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I have read at a Hinduism website (Website Link) that the word "Kanyadhaana" is misinterpreted into meaning "Donating the bride"

According to the web article:

It's not "Kanya-Dhaana" but "Kanya-Aadhana"

Here, Kanya means "Daughter/Girl" And Aadhana means "receive" So basically "Kanyadhaana" translates to "Receiving the bride" and NOT "Donating the bride".

Women's rights activists argue that Kanyadhaana means donating the bride and girls being humans are not objects/ commodities that can be "donated" to the groom's family.

I'm confused here. What is the real meaning of Kanyadhaana? Is it "Kanya-aadhana" or "Kanya-dhaana" itself?

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  • it is kanya-daan. the bride is donated. the reward for donating a kanya to a vaidika brahmachari groom is brahma-loka
    – mar
    Feb 3 '19 at 16:21
  • if u relay meant the word used in Q title i.e. Kanyadhana then it's meaning is girl's patrimonial riches..
    – YDS
    Jun 25 '19 at 17:06
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The word is KanyA dAna and not what you said also it is not DH but D..

See Manu Smriti 3.29:

एकं गोमिथुनं द्वे वा वरादादाय धर्मतः ।
कन्याप्रदानं विधिवदार्षो धर्मः स उच्यते ॥ २९ ॥

ekaṃ gomithunaṃ dve vā varādādāya dharmataḥ |
kanyāpradānaṃ vidhivadārṣo dharmaḥ sa ucyate || 29 ||

When the maiden is given away in due accordance with rule, after taking, in odedience to law, from the bridegroom, one or two pairs of cow and bull,—this is called the “Ārṣa” form.’—(29).

KanyA DAna and KanyA PradAna of course have the same meaning.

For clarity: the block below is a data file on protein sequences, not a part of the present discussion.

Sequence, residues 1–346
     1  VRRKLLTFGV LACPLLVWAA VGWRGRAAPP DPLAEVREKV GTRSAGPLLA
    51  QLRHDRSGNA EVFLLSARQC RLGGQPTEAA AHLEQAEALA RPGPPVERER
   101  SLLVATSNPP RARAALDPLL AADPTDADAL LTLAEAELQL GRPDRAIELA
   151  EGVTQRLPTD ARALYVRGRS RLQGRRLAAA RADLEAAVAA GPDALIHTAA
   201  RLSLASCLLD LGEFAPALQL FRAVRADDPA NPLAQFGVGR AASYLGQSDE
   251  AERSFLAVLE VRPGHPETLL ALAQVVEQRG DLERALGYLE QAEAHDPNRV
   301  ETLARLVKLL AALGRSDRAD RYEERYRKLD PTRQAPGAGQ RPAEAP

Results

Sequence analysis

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  • "A bride is given to the groom's family and that family gives a pair of cow or bull to the bride's family." regarding that statement what is the right way to interpret that statement? Should I interpret it as- a girl is given to the groom's family and the family gives the bull as a "present" to the bride's family. Or should I interpret it as the girl is exchanged for cow or bull? Feminists state the later interpretation and argue that since a girl is exchanged for bull she is treated as a commodity and this way Manu Smriti objectifies women. So please tell me how do I interpret that statement.
    – Somanna
    Feb 3 '19 at 17:43
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    No it's not an exchange by any means .. it is just a part of the rituals .. @Somanna
    – Rickross
    Feb 4 '19 at 4:55
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    @Somanna And Dharma is represented as bull in Hindu scriptures. Feb 4 '19 at 11:32
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It's actually

Kanyadan

The giving away of the bride (daughter) to the groom is called the ritual of Kanyadan. 

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    Welcome to hinduism! While answering, kindly cite sources! Feb 4 '19 at 2:32
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Its kanyaa-daana. Meaning offering a daughter. Daana comes from the root "Da" which means to give or offer. The bridegroom in our ageold Culture is called Vara which means Varaniya. This is our culture. You are free to differ, but in that case you will have to reject the word.

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  • @Somanna no, not free to differ if the meaning you provide is absurd or impossible.
    – user17294
    Feb 3 '19 at 16:48
  • @Somanna then you should make your question clear
    – user17294
    Feb 3 '19 at 16:51
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Kanyadhana (कन्याधन) means Kanya's Dhana (girl's property) or "patrimonial riches" or girl's share in her parents' property.

This is given in Valmiki Ramayana: Bala Kanda: Sarga 74:

अथ राजा विदेहानां ददौ कन्याधनं बहु |

Then that king Janaka of Mithila, the one from Videha lineage, gave innumerable patrimonial riches.


Related: Which practice existed during the reign of Lord Rama, either Kanyasulkam or Varakatnam(Dowry)?

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